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Science and Innovations

Newly Discovered Solar System Objects Point to ‘Planet Nine’


An astronomer at Northern Arizona University announced the discovery of three new objects at the far edge of the solar system. They help narrow down the search for the hypothetical Planet Nine.

The objects were found by NAU astronomer Chad Trujillo and his colleagues. They run the world’s largest survey for so-called “extreme objects” that orbit the sun beyond the Kuiper Belt.

Trujillo says, “We’ve been looking for all kinds of things on the outer edge but it’s only been in the last year or two where we’ve really started to notice that some of these extreme objects seem to be pointing to the possibility of something big out there.”

Planet Nine is thought to be a massive ice giant lurking beyond Neptune. Trujillo and his colleague Scott Sheppard proposed its existence in 2014. Earlier this year two Caltech astronomers strengthened the case for Planet Nine based on the strange orbits of a cluster of space rocks.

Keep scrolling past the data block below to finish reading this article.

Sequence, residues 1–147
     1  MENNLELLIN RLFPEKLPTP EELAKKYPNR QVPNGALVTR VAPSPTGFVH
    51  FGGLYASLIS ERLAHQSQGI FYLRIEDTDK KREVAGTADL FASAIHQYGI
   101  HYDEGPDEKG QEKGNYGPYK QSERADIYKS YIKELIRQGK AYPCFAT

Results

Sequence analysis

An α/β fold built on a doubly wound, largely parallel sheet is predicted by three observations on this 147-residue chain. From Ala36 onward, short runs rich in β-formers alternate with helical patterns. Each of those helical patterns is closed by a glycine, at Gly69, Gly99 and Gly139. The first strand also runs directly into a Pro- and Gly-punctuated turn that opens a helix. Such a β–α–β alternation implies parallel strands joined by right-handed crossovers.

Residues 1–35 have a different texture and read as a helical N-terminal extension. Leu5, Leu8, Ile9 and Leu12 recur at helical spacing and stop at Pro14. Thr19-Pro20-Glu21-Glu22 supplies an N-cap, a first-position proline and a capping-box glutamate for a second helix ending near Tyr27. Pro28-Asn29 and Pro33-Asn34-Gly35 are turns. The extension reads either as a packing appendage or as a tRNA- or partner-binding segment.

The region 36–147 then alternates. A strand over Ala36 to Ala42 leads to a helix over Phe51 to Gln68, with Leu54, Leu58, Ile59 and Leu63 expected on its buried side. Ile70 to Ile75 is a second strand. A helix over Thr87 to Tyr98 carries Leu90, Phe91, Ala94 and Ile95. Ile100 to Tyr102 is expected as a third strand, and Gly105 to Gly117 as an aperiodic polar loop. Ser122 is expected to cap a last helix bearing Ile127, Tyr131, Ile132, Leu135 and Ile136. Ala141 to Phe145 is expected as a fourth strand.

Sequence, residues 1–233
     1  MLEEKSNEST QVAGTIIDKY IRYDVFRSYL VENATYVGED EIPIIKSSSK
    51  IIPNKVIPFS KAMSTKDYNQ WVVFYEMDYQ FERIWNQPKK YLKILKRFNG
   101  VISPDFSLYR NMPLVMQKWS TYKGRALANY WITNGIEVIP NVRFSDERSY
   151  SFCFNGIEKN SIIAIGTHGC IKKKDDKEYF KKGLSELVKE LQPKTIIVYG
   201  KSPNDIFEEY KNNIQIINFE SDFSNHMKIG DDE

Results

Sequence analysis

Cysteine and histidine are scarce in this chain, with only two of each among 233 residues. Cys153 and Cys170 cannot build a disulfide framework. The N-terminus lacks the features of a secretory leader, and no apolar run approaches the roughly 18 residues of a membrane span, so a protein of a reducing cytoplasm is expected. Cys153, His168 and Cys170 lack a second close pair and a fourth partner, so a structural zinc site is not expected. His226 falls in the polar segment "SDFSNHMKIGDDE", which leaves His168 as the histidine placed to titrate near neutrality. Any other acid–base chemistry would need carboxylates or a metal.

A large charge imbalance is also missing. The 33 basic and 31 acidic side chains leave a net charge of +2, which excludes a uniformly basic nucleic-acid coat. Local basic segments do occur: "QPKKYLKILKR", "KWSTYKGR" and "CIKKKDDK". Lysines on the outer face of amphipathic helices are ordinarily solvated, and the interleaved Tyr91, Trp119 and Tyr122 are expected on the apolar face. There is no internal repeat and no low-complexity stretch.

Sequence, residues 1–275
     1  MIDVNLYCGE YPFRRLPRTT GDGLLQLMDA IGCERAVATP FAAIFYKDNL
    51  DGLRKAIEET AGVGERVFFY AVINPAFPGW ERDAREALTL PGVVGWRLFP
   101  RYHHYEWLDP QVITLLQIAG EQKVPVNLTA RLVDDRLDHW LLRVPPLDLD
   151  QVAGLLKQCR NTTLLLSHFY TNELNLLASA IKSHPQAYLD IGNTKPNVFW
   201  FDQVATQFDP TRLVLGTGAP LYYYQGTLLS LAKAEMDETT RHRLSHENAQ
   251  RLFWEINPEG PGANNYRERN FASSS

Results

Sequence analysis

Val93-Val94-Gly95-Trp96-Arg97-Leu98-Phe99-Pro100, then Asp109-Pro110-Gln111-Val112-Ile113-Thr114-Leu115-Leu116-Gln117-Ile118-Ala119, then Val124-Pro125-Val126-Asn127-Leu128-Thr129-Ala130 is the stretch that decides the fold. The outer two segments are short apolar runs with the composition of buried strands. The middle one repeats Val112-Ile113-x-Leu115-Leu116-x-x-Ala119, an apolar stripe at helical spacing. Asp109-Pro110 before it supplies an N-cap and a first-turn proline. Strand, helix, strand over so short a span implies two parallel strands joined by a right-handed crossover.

Two of the new objects also have odd orbital alignments. That implies they’re influenced by the undiscovered planet. Trujillo says finding more objects like these will speed up the search.

Melissa joined KNAU's team in 2015 to report on science, health, and the environment. Her work has appeared nationally on NPR and been featured on Science Friday. She grew up in Tucson, Arizona, where she fell in love with the ecology and geology of the Sonoran desert.
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